The Read Along is being hosted by Carl at Stainless Steel Droppings. You can read find his answer to this week's questions here.
We read up to the end of Chapter 6.
1. This first hundred or so pages was packed! What things are standing out for you in the story thus far?
For the first twenty pages or so I found the rush of new concepts a little overwhelming, but once we arrived in the city the pace became more manageable. At this stage I am awash with questions. How is the Lord Ruler immortal and how does he gift the nobles with the magical abilities? Why is there ash falling all the time? What caused the skaa to be enslaved and are they a different species, or just a different caste / class? What / who are the kollossi? How are the Inquisitors alive, let alone super-efficient killing machines? Is there really something dangerous in the mist?
But, despite all of these questions, the thing that has stood out the most is the system of magic that has been revealed: I don’t think I’ve ever read anything even vaguely similar.
2. What are your thoughts on the magic system that Sanderson is unveiling in this novel?
The allomancy is an amazing creation. I particularly liked the idea that Vin, and other allomancers, could derive enough metal from their food and water to be functional. Of course, it doesn’t sit well with my chemistry training: I can see how the elemental metals could be absorbed in this way, but not the alloys. Anyway, this is fantasy, so I’m trying not to think about these things too closely.
Kelsier’s use of magic to infiltrate the nobleman’s keep was jaw dropping in its intricate description of his skills. Wow!
3. Kelsier and Vin have held most of the spotlight in these first 6 chapters. As you compare/contrast the two characters, how do you feel about them? Likes? Dislikes?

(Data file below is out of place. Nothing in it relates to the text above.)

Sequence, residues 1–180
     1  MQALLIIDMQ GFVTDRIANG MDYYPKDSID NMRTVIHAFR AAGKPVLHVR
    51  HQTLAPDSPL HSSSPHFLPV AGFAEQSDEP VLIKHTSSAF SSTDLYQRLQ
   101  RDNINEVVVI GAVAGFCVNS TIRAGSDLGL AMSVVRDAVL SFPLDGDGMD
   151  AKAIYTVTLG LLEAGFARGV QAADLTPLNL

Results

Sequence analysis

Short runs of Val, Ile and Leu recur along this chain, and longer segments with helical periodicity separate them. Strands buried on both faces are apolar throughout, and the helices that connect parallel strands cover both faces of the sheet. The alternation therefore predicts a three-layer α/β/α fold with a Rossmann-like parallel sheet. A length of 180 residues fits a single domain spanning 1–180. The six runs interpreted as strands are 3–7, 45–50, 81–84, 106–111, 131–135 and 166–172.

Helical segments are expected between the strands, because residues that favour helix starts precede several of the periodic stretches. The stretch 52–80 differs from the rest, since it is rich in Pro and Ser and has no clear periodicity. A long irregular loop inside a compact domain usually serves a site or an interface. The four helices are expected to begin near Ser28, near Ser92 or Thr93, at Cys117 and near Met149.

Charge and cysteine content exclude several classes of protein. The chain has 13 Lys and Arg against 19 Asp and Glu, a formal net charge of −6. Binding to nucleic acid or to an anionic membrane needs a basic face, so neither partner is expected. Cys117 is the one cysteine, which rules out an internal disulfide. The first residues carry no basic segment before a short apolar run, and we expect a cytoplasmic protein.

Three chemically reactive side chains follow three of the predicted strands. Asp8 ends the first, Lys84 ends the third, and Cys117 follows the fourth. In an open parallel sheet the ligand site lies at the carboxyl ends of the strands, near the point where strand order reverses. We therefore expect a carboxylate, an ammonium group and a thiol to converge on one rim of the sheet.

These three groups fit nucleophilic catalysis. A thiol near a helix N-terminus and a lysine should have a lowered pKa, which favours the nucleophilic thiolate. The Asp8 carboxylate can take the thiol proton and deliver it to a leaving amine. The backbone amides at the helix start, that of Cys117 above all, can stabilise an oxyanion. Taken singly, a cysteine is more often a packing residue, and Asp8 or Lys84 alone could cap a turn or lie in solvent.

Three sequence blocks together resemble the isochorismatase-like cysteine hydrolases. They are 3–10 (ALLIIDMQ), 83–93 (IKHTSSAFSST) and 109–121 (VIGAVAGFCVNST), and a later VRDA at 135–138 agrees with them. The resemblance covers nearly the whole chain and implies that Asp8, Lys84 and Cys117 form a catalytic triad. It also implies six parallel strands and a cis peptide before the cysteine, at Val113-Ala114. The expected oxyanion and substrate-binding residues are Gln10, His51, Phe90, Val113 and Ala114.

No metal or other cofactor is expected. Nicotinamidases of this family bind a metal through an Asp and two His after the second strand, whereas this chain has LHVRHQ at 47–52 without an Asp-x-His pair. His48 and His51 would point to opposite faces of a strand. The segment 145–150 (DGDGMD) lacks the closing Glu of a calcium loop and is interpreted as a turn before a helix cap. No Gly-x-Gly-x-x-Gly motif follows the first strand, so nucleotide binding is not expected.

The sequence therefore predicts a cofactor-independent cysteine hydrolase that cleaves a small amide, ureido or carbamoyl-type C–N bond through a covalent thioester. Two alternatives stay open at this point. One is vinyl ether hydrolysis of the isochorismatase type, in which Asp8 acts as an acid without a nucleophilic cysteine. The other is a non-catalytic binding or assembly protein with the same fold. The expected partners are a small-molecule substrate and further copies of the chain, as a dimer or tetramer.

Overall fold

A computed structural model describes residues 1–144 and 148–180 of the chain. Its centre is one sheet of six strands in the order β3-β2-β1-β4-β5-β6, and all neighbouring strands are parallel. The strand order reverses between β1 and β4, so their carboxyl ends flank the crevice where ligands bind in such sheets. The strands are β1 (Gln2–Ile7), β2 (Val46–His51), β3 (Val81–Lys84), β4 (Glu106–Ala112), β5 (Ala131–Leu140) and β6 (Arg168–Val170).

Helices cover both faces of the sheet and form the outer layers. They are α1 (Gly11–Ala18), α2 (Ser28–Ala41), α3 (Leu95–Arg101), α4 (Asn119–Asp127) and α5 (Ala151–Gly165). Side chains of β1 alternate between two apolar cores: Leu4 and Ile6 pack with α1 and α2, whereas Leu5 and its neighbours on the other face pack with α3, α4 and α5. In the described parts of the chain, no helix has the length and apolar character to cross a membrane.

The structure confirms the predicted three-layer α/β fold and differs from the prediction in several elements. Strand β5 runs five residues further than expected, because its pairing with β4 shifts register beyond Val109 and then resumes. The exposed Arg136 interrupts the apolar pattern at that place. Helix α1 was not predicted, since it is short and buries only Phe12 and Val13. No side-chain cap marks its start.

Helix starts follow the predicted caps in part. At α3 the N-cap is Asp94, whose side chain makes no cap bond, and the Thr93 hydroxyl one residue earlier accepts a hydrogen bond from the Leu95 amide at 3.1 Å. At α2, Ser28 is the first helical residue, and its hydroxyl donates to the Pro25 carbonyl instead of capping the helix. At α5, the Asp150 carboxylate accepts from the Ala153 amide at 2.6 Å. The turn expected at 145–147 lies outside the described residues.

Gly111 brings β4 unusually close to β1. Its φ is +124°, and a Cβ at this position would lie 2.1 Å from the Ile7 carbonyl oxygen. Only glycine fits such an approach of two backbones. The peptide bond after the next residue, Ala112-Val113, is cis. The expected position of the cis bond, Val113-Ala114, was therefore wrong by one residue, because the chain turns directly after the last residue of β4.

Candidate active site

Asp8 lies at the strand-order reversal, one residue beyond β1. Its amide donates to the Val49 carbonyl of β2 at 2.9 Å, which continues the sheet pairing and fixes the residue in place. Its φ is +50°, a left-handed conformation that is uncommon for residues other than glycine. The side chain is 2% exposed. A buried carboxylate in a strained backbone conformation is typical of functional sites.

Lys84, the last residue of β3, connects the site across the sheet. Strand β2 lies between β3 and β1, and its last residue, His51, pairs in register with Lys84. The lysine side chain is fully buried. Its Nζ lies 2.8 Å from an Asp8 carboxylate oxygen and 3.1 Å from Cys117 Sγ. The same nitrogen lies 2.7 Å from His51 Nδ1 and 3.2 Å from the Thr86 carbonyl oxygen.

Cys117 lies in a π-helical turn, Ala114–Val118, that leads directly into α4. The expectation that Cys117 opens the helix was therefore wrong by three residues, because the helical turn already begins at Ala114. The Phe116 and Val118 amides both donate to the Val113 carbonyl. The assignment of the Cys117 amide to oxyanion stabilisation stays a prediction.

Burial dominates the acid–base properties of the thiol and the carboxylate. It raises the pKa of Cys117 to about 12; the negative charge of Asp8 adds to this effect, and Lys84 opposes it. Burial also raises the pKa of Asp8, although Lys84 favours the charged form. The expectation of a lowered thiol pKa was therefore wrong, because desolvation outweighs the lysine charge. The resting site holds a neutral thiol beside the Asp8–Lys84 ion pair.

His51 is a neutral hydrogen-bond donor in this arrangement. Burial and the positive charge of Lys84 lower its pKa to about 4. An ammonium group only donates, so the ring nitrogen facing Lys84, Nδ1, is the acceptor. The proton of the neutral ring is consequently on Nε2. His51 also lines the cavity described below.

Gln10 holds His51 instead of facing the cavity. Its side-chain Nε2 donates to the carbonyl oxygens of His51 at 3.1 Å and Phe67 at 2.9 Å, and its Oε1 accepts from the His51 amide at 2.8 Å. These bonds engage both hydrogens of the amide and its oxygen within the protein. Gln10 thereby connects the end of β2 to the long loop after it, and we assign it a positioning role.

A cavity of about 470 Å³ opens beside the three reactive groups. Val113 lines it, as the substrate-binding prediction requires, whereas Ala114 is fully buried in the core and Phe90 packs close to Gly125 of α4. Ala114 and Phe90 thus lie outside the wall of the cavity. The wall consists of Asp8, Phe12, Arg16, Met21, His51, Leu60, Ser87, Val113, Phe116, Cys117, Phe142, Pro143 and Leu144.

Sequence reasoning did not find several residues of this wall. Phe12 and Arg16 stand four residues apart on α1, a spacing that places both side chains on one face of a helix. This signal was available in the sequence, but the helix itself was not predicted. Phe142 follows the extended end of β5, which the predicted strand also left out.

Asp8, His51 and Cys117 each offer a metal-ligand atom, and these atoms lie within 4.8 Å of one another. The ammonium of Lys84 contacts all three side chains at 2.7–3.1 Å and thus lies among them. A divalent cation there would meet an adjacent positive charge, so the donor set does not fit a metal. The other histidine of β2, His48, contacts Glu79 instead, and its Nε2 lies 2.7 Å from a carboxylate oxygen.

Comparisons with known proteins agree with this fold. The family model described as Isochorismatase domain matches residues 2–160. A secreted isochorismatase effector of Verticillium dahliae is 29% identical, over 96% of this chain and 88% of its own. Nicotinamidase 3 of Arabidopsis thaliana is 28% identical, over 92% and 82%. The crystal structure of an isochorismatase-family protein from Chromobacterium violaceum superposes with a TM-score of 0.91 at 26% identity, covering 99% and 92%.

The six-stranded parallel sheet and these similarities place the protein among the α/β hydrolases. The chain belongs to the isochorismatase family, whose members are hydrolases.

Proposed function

At the moment Kelsier seems to be the typical fantasy hero: lowly beginnings, murdered wife, superhuman powers, Robin Hood complex, amazingly nice, etc. Although I like him, I am hoping that he gets a bit more three-dimensional. Vin is a little more rounded at the moment, and I am really pleased that she hasn’t spontaneously started trusting people: I hate it when authors make characters drop sensible personality traits as soon as they meet the hero.
4. Finally, how would you assess Sanderson's storytelling abilities to this point?
This is a difficult question to answer. As I said above, I felt really swamped at first. For some reason I began to lose track of the characters and their names, which is not something I usually have trouble with. There were too many new concepts introduced too quickly and it took me a while to adjust. I am also not a fan of introducing a POV character in the Prologue only to murder them a few pages earlier. Finally, I am not sure why we began by following Kelsier, as he is obviously not the main protagonist: from the cover, I have to assume that it is Vin.